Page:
In the Field with Farmer Dena Hoff
In the Field is a series we are running throughout the 2017 farming season, interviewing a diverse group of farmers around the country (and world!) about what growing food looks like from their perspective, what’s happening on their farm and what they’d like consumers to remember when they’re at the grocery store or farmers’ market.
Meeting Dena Hoff of Sand Creek Farm for the first time, you’d likely take her to be simply the quiet, unassuming grandmother that she appears. She and her husband Alvin farm 450 acres in Glendive, near the Yellowstone River in eastern Montana.
What you might not learn until later is that Dena is also an internationally-known activist, organizing for decades on issues from global food sovereignty to pipeline spills at the edge of her farm (and making the connections between those concerns). She estimates she’s traveled to sixteen countries in her work with the global peasant movement La Via Campesina (LVC), for which she served for many years as North America coordinator. She is also vice president of the National Family Farm Coalition and former chair of the local Northern Plains Resource Council. Her official term with LVC came to an end at the group’s conference in Spain’s Basque Country this July — one of several trips that took her away from the farm at the peak of the season this year — and she’s been busy catching up on work on the farm and in the community since then. She took a break in the midst of a visit from her grandchildren back in August to talk with us about unpredictable weather and their love of the land.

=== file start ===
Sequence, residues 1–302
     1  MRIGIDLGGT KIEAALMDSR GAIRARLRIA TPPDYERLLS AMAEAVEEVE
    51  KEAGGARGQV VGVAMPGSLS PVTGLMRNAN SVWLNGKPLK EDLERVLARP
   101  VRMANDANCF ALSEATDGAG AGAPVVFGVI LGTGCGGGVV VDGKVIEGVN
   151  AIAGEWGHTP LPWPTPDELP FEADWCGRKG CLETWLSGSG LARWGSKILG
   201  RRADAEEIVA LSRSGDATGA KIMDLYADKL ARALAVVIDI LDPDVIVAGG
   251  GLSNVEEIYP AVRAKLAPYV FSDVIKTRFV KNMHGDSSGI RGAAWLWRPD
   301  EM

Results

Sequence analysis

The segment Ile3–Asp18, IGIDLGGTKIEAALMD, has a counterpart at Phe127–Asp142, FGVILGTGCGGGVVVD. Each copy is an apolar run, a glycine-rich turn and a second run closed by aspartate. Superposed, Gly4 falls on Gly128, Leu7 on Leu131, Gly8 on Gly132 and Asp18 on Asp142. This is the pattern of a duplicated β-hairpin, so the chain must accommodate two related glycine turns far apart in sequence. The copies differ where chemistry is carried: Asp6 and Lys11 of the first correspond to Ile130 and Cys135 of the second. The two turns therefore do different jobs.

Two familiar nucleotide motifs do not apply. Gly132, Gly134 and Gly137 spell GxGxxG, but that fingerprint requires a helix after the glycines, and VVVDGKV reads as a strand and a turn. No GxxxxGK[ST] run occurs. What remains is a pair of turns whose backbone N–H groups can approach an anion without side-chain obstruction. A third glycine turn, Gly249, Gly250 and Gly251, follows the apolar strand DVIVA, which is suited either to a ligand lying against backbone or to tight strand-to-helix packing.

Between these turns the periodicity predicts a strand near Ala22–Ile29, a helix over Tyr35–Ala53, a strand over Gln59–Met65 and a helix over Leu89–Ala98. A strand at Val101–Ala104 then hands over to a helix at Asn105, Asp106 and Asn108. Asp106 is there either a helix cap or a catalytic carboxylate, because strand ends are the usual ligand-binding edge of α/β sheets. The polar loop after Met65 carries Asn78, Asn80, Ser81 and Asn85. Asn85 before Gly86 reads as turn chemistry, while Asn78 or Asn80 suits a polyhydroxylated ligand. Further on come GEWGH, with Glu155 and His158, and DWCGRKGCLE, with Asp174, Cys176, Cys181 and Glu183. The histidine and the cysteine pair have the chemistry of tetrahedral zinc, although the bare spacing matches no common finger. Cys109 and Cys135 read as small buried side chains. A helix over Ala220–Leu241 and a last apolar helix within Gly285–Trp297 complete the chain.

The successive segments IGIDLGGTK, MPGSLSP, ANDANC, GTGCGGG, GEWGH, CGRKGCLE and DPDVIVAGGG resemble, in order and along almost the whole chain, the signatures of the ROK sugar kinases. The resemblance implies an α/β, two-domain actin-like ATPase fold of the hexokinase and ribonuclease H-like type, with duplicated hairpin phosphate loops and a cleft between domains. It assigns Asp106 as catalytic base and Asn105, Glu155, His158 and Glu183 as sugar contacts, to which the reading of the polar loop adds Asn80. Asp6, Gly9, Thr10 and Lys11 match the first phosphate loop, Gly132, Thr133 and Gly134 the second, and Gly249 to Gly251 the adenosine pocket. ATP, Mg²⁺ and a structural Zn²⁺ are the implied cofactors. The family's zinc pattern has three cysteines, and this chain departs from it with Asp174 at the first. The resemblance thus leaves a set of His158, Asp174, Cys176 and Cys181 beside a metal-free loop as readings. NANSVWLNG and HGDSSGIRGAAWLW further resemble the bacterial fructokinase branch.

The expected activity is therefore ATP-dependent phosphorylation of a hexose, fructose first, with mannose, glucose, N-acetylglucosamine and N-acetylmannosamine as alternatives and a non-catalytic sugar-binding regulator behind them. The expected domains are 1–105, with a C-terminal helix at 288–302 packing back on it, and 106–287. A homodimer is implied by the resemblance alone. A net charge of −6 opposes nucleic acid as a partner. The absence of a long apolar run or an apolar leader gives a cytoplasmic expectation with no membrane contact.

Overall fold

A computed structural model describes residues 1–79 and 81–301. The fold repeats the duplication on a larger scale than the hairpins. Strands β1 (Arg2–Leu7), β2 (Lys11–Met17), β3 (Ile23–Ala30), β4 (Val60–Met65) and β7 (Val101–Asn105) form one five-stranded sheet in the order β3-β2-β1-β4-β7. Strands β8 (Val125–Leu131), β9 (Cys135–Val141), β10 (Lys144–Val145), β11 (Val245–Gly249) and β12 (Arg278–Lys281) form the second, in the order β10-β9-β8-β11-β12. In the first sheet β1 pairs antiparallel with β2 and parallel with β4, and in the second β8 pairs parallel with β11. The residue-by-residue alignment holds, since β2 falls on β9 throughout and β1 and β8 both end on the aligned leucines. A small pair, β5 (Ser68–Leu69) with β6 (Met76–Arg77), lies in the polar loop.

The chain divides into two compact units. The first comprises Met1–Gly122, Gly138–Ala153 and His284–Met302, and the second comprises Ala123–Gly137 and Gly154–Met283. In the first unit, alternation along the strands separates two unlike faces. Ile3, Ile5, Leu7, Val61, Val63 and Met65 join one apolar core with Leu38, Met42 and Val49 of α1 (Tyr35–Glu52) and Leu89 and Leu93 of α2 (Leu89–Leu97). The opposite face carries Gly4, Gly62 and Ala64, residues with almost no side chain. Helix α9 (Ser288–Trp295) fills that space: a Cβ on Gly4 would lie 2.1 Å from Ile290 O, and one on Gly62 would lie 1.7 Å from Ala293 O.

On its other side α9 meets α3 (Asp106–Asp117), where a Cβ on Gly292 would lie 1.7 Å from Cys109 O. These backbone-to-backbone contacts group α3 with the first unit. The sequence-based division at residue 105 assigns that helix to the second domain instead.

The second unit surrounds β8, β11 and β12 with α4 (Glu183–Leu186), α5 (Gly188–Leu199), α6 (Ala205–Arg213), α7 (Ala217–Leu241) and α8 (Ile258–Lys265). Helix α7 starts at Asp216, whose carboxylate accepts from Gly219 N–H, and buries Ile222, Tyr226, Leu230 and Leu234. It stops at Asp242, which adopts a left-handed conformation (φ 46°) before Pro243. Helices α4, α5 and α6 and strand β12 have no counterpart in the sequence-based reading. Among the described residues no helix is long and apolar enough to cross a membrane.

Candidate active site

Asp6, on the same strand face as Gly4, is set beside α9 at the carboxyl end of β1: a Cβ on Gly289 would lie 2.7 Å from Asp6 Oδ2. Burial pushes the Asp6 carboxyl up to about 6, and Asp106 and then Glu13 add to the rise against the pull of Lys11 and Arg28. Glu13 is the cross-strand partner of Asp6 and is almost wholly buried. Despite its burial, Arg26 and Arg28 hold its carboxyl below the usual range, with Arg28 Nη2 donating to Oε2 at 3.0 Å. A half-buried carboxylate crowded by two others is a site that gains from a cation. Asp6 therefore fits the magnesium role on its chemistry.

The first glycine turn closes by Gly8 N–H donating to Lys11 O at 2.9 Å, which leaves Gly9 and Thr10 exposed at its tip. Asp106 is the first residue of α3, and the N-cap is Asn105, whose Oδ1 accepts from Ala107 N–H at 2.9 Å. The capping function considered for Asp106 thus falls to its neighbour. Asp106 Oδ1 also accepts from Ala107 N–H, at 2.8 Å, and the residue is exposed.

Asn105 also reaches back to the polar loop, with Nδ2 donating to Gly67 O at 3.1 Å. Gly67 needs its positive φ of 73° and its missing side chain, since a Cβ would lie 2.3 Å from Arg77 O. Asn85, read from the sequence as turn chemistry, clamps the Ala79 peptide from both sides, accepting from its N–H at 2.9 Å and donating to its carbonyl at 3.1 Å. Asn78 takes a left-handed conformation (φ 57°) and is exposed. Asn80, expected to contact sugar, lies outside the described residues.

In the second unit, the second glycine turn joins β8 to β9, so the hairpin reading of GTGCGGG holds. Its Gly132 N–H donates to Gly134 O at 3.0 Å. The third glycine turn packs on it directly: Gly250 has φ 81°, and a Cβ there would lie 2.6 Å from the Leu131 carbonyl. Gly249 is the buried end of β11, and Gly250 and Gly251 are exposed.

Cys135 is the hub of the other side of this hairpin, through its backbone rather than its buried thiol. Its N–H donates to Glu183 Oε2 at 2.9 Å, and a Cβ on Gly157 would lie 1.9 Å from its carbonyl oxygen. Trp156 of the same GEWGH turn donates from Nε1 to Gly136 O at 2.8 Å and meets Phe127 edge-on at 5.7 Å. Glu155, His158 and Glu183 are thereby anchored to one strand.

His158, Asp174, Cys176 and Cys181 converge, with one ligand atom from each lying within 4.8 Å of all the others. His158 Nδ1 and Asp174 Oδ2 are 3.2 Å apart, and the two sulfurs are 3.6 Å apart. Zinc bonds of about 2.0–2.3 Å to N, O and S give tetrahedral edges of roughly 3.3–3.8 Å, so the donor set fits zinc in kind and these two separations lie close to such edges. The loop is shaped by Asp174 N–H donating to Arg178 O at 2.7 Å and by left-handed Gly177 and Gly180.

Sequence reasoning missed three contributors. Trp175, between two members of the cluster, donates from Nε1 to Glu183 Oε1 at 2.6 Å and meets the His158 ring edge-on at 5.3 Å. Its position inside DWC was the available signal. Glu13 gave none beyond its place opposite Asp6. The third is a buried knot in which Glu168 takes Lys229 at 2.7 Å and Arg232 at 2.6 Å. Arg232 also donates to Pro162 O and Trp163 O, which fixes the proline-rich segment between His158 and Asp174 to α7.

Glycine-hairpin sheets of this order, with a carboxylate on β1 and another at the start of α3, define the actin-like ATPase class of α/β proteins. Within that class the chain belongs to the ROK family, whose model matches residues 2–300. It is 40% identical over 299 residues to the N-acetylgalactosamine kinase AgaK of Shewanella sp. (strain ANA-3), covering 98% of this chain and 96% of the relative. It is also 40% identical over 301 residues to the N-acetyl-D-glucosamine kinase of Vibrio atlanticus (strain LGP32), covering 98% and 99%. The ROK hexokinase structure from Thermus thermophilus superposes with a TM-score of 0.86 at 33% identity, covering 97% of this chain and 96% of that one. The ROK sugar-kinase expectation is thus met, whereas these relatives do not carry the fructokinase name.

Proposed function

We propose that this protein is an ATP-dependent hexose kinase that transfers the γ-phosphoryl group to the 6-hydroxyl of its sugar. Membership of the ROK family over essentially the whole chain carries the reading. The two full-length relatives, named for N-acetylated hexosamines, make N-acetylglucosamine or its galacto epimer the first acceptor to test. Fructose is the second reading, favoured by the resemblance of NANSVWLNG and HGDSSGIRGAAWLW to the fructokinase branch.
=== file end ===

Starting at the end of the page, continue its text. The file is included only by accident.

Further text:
What do you grow?
Edible dry beans, corn, wheat, alfalfa, cover crops, vegetables and livestock: sheep, some milk cows, pigs, chickens, ducks, turkeys, geese.
What kind of community are you farming in?
It’s an agricultural community. It also used to be the railroad, though they’ve just gotten rid of a lot of employees. We have a hospital — that’s another big employer, but basically it’s an ag and railroad town. It’s mostly German and Norwegian; very few people who aren’t white.
How long has your family farmed?
Good heavens, let me think. As far back as I know, with some skips. My grandfather became an automotive dealer and sold farm equipment, but he had land. So my grandparents and parents didn’t farm, but they had land, and their grandparents and great-grandparents were farmers, all the way back to the old country.
Where do you sell your products?
Mostly locally — we do a local Saturday farmers market. The edible dry beans, we sell some locally and some to a Colorado-based company that has a station 30 miles down the road. What we don’t use of our hay and corn goes to neighbors, especially people who want non-GMO. We pretty much market the livestock locally, except the sheep — they go to a livestock market in North Dakota. We slaughter the rest of the livestock ourselves for direct sale. Wheat and the other commodities are marketed to a grain elevator. It’s big corporate elevator now — used to be a coop, but no longer.
What are you doing on the farm this week?